Agencies

[Federal Register Volume 79, Number 249 (Tuesday, December 30, 2014)]
[Notices]
[Pages 78439-78440]
From the Federal Register Online via the Government Printing Office [www.gpo.gov]
[FR Doc No: 2014-30448]


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DEPARTMENT OF HEALTH AND HUMAN SERVICES

Centers for Medicare & Medicaid Services

[CMS-3296-FN]
RIN 0938-ZB14


Medicare Program; Evaluation Criteria and Standards for 
Beneficiary and Family Centered Care Quality Improvement Organization 
Contract

AGENCY: Centers for Medicare & Medicaid Services (CMS), HHS.

ACTION: Final notice.

-----------------------------------------------------------------------

SUMMARY: This final notice announces the general criteria we will use 
to evaluate the effectiveness and efficiency of Beneficiary and Family 
Centered Care (BFCC) Quality Improvement Organizations (QIOs) that 
entered into contracts with CMS under the 11th Statement of Work (SOW) 
in May 2014. The activities for the BFCC-QIO SOW began August 1, 2014. 
(This contract allows for a transition period from the incumbent QIOs 
to the successor QIOs.) In addition, this notice addresses the public 
comments received on the July 28, 2014 notice with comment period 
entitled, ``Evaluation Criteria and Standards for Beneficiary and 
Family Centered Care Quality Improvement Organization Contracts.''

DATES: Effective Dates: August 1, 2014 to July 31, 2019.

FOR FURTHER INFORMATION CONTACT: Alfreda Staton, (410) 786-4194.

SUPPLEMENTARY INFORMATION:

I. Background

    Section 1153(h)(2) of the Social Security Act (the Act) requires 
the Secretary of the Department of Health and Human Services (the 
Secretary) to publish in the Federal Register the general criteria and 
standards that will be used to evaluate the effective and efficient 
performance of contract obligations by the Quality Improvement 
Organizations (QIOs) and to provide the opportunity for public comment 
with respect to these criteria and standards.

II. Provisions of the Notice With Comment Period

    On July 28, 2014, we published a notice with comment period in the 
Federal Register (79 FR 43747 through 43749) entitled, ``Evaluation 
Criteria and Standards for Beneficiary and Family Centered Care Quality 
Improvement Organization Contracts,'' announcing the general criteria 
we would use to evaluate the effectiveness and efficiency of 
Beneficiary and Family Centered Care (BFCC) Quality Improvement 
Organizations (QIOs) that entered into contracts with CMS under the 
11th Statement of Work (SOW) in May 2014 (HHSM-500-2014-RFP-BFCC-QIO).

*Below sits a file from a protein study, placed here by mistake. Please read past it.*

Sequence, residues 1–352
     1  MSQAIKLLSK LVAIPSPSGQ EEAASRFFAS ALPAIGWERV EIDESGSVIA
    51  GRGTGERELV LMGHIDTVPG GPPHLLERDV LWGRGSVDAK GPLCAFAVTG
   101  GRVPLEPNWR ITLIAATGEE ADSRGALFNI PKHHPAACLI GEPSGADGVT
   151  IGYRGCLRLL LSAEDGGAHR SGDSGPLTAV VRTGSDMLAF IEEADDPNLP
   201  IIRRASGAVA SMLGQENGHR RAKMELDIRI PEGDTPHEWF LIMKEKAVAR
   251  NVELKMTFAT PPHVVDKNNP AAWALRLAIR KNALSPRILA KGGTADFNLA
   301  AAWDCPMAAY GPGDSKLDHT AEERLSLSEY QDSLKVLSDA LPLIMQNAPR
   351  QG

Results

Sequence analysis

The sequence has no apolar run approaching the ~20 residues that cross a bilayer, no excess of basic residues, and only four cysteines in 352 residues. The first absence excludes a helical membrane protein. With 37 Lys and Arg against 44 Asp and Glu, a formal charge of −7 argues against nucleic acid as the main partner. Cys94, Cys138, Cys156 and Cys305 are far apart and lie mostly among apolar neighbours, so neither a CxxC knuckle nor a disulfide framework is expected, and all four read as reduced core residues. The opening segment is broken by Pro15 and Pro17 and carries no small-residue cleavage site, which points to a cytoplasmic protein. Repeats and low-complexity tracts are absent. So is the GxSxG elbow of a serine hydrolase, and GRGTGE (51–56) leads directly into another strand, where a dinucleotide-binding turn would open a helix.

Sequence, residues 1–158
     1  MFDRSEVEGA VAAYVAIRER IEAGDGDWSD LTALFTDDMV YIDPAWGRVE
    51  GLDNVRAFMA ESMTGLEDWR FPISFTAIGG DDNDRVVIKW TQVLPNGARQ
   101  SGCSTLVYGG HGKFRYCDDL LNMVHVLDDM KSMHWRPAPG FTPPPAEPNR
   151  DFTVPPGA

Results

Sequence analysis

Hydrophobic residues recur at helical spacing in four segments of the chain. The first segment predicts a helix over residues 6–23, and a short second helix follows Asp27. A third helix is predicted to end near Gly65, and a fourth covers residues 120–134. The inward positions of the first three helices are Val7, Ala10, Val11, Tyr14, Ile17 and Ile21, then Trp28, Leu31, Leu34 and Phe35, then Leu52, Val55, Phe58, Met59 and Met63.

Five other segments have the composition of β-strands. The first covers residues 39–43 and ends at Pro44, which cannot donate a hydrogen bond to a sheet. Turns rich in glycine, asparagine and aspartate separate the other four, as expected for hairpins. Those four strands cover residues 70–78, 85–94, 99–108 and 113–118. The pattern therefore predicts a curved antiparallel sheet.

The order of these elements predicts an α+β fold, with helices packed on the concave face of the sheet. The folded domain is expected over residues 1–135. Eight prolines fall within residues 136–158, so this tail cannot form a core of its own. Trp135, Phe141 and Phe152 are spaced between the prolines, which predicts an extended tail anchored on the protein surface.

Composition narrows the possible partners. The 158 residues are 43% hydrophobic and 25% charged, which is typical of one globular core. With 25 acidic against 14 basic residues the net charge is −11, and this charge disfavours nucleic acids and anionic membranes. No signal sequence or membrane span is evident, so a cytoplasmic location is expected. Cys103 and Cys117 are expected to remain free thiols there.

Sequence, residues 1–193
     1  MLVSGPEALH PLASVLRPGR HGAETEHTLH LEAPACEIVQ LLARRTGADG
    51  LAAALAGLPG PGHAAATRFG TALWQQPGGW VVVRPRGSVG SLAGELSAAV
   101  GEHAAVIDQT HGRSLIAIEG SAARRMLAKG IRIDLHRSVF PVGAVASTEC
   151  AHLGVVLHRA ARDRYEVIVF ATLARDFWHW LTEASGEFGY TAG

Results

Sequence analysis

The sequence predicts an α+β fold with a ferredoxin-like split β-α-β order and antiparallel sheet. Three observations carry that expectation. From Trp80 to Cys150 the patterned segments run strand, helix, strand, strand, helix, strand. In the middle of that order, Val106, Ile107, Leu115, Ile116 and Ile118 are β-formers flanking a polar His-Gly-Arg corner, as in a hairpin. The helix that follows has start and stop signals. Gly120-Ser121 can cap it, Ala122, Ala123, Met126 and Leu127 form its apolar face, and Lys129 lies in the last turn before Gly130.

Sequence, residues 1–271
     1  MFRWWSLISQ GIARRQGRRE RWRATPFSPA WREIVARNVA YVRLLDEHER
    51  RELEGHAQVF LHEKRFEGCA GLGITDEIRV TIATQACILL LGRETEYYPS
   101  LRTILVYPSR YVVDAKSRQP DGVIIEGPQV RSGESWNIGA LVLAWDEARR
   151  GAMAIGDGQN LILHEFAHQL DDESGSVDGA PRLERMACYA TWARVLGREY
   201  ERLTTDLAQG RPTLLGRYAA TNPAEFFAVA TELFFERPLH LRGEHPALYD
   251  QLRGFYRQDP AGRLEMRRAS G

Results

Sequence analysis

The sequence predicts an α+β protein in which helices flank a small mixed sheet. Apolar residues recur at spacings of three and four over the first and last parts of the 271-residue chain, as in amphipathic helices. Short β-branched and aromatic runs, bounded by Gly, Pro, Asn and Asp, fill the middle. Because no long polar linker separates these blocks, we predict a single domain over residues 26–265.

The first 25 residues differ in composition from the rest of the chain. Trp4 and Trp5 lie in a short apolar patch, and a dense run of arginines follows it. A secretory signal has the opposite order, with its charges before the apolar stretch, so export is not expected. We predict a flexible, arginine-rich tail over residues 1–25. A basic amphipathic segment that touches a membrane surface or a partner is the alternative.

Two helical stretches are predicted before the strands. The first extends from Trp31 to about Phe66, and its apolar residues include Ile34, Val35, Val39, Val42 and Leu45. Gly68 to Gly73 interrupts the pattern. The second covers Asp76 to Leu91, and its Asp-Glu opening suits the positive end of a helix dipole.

That notice generally summarized the tasks of the BFCC-QIOs and the 
criteria to be used for annual performance evaluations during the 5-
year term of the contract. BFCC-QIO performance under the 11th SOW 
contract began on August 1, 2014, after a transition period.
    The tasks of the BFCC-QIOs under the BFCC-QIO 11th SOW contract are 
as follows:
     Quality of care reviews, including beneficiary complaint 
and general quality of care reviews.
     Beneficiary appeals of denials of hospital admissions 
discharge and terminations of services decisions commonly referred to 
as Grijalva, BIPA, and Weichardt appeals.
     Medical necessity reviews.
     Appropriateness of setting reviews.
     Diagnosis Related Group (DRG) reviews.
     Readmission reviews.
     Reviews under Emergency Medical Treatment and Active Labor 
Act (EMTALA).
     Sanctions.
     Monitoring of Physician Acknowledgement Statements under 
section 1156(a) of the Act and our regulations at 42 CFR 412.46.

Evaluation of the Tasks Measures

    The measures of BFCC-QIO performance for the 11th SOW are as 
follows:
     Quality of Review: Inter-Rater Reliability.
     4-day Data Entry Compliance.
     Timeliness of Beneficiary Complaints and Other Quality of 
Care Reviews.
     Timeliness of Discharge/Service Termination Reviews.
     Timeliness of EMTALA and Higher Weighted Diagnosis-Related 
Group Reviews.
     Complainant Agreement to Complete Survey.
     Beneficiary Experience with Quality of Care Complaints.
     Beneficiary Experience with Appeal Reviews.

Evaluation Criteria

    The Annual and 54th Month Evaluation Criteria for each of these 
measures are specifically defined in Attachment J-10, ``Annual and 54th 
Month Evaluation Criteria Measures Table,'' of the BFCC-QIO SOW; the 
criteria for evaluating each deliverable are identified in Schedule F 
of the 11th SOW. Additional detail is provided in the notice posted at: 
http://www.gpo.gov/fdsys/pkg/FR-2014-07-28/pdf/2014-17625.pdf.

III. Analysis of and Responses to Public Comments on the Notice With 
Comment Period

    Two commenters submitted several comments concerning the general 
criteria we would use to evaluate the effectiveness and efficiency of 
BFCC-QIOs that will enter into contracts with CMS under the 11th SOW. 
One commenter was affiliated with a private healthcare quality 
improvement entity and the other commenter was with a healthcare 
quality improvement association. A summary of the comments and our 
responses are as follows:
    Comment: Both commenters expressed concern with potential public